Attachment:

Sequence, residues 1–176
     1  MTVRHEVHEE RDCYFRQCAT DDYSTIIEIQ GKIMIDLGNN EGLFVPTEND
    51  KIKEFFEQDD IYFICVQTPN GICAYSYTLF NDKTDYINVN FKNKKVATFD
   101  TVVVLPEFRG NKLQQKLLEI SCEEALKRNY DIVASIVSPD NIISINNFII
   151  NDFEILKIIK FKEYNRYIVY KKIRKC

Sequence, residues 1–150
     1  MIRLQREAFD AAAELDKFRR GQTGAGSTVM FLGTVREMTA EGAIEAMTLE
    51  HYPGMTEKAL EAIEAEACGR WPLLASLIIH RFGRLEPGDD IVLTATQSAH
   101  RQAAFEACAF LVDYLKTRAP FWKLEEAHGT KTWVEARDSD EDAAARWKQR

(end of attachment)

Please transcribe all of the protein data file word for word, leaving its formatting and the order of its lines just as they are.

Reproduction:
Sequence, residues 1–176
     1  MTVRHEVHEE RDCYFRQCAT DDYSTIIEIQ GKIMIDLGNN EGLFVPTEND
    51  KIKEFFEQDD IYFICVQTPN GICAYSYTLF NDKTDYINVN FKNKKVATFD
   101  TVVVLPEFRG NKLQQKLLEI SCEEALKRNY DIVASIVSPD NIISINNFII
   151  NDFEILKIIK FKEYNRYIVY KKIRKC

Sequence, residues 1–150
     1  MIRLQREAFD AAAELDKFRR GQTGAGSTVM FLGTVREMTA EGAIEAMTLE
    51  HYPGMTEKAL EAIEAEACGR WPLLASLIIH RFGRLEPGDD IVLTATQSAH
   101  RQAAFEACAF LVDYLKTRAP FWKLEEAHGT KTWVEARDSD EDAAARWKQR